Monday, July 23, 2012

Sea Magic: The Changeling Sea

The Changeling SeaPatricia McKillip's books always deliver a combination of magic and emotional truth. This means that I'm not always in the mood to pick them up, since emotions are heavy things, and occasionally she doesn't get the balance just right. The cover of The Changeling Sea also deterred me; it looked like a book about a child and her mentor, and I just never had the urge to start that story. So although I clearly bought this book back in California (it's a discard from the San Mateo County Library, one of a half-dozen libraries I frequented when I lived near San Francisco), I hadn't read it until today.
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I also took a bit of a chance, leaving this book until the end of the day so that I read it straight through, instead of putting it down when things got tough, my usual cowardly approach. But it paid off; the story wove magic and love and loss together in a lovely enchantment, much as the sea turned Peri's angry hexes into webs of moonlight and beauty. Despite the cover, the protagonist was a young woman, not a child, who starts off struggling with multiple losses, including a mother who retreats from the sadness of the world. As Peri emerges from her grief we also enter into a world of magic and loss and longing, and she encounters love and friendship and greed and danger.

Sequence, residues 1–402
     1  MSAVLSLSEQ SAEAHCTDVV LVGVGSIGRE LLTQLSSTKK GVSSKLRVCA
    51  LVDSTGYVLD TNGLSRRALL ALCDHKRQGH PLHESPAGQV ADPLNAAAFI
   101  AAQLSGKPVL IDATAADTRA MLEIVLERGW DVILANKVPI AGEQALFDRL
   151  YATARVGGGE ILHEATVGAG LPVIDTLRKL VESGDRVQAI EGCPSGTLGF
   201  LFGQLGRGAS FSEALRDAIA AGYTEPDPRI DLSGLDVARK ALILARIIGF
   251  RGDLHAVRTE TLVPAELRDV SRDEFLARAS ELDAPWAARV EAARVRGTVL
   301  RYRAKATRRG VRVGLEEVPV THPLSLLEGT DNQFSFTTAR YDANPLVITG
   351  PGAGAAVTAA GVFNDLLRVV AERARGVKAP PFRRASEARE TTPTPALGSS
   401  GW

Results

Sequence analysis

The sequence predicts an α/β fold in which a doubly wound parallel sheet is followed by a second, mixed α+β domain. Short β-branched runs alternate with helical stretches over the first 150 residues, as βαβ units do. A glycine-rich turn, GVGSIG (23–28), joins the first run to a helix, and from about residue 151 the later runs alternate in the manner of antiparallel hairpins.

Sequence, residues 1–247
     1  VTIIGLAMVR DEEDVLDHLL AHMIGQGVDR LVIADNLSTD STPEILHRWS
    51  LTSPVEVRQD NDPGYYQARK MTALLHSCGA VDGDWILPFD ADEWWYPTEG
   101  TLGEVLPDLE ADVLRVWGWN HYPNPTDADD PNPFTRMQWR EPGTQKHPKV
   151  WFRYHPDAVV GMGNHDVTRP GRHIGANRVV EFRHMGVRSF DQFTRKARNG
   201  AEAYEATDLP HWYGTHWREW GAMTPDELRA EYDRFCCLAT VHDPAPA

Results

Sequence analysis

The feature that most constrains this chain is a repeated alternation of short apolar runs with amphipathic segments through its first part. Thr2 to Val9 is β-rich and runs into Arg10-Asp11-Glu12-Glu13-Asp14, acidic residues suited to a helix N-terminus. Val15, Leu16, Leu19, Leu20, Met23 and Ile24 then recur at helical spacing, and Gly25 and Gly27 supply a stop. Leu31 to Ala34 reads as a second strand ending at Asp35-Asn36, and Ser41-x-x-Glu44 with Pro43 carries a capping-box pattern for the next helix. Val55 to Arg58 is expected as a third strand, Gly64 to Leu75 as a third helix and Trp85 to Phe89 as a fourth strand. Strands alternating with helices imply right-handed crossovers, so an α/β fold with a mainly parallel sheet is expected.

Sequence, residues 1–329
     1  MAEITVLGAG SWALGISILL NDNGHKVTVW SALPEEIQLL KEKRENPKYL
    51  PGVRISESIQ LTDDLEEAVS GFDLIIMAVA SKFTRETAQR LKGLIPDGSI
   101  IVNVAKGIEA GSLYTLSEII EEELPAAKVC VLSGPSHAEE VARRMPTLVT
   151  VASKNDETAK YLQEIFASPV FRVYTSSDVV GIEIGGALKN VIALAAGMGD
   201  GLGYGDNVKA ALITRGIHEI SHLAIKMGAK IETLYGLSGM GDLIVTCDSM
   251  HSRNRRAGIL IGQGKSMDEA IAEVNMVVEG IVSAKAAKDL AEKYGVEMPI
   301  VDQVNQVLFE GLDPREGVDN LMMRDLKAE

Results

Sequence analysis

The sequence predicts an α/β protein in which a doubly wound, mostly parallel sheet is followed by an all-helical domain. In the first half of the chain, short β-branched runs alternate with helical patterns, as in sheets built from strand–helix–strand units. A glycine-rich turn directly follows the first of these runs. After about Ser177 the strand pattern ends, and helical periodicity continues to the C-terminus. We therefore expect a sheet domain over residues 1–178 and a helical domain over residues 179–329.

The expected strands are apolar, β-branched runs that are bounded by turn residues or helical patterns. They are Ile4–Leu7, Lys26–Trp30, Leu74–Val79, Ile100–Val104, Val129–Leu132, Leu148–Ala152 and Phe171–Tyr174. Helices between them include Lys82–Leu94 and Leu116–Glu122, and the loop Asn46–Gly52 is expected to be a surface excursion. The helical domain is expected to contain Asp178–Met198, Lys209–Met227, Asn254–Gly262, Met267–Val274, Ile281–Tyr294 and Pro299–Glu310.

And, just as in McKinley's The Hero and the Crown, she doesn't insist on limiting herself to a single lover; life has tides and changes, and your heart can weather them. It's a wonderful read, although not the one promised by the cover on my copy. (The cover shown isn't the one I got; it's actually a lot more representative.)

I'll leave this around for the boys, although it doesn't really hit any of their obvious buttons.

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